John also uses his actual product as a customer acquisition channel. Since Due.com is an invoicing tool, he uses those invoices as a way to acquire new business — over thirty new users per day. “Once we bring the user in and they start sending invoices out, typically for every three invoices that are sent out, that brings in one more user. Almost every new user over the course of five to six weeks adds one additional user.”
The Premium Domain
The big question about Due.com is: what impact has having such an ultra premium domain name had on the business?
“Having a premium domain has helped tremendously, I would say by a factor of at least 10x. When you have a premium domain name, people recognize that and it gives you instant credibility,” John explained.
He added, “When I get introduced as the founder and CEO of Due.com, people think we’ve been in business for 10-15 years just because of the domain.”
In addition to building trust and credibility, John says that owning and operating the premium domain name — particularly a .com — has increased his response rate by at least 50% when pitching stories to journalists and reporters. The SEO benefits are immeasurable, as well.
What about the cost? Six figures isn’t an easy amount of money to part with. John’s advice: “Spend the extra money and work whatever deal you can to get a good .com domain name because in the long run, it’ll be worth every cent.”
By the numbers
Due continues to scale — it has amassed 78,000 users in its first nine months, and will be profitable in its next two. John and his team have even bigger plans to expand the business beyond just invoicing and time tracking, hoping to venture full-on into the payments space.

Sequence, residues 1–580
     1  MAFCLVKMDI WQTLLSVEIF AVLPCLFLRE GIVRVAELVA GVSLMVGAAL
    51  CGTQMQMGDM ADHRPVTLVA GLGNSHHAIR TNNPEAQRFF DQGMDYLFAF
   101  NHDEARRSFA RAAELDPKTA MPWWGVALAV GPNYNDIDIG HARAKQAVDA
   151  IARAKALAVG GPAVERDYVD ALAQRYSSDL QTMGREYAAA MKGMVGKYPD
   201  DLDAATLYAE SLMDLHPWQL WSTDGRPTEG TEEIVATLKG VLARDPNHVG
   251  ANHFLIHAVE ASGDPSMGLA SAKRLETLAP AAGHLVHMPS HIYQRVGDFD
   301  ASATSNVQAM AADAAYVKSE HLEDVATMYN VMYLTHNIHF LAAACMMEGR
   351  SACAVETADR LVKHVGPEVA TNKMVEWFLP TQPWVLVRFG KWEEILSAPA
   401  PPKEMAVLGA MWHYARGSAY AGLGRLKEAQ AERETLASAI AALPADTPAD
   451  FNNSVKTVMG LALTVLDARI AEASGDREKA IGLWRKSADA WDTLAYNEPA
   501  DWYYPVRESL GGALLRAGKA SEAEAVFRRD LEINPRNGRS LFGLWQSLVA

The Flippa Team wishes the crew much success, and will be following up in due time…get it?…to see how they’re tracking.
The Domain Catalog has been updated to your Flippa Domain Portfolio !
With over 60% more sales going through Flippa in 2015, it’s never been a better time or easier to upload, sort, filter and update your domain portfolio. Thanks to your feedback, here’s what’s new:
Easily upload 1 or 1 Million Domains
You can now add over 500 domains using our CSV Upload Service.
Improved Portfolio Management
You can now easily filter sort & search through your portfolio as well as bulk update prices across multiple domains.
All listed domains include access to a free Domain Sales Page, allowing you to redirect your domain’s direct traffic to increase visitors, bids and sales.
You may have read that Flippa facilitated the sale of the premium domain Due.com for $130,000 last week. In this exclusive interview, we talk to the buyer, John Rampton, about his passion for buying and selling domain names, the companies and products he builds with them, and his day job as a serial entrepreneur.
Tell us about yourself and what you do day-to-day.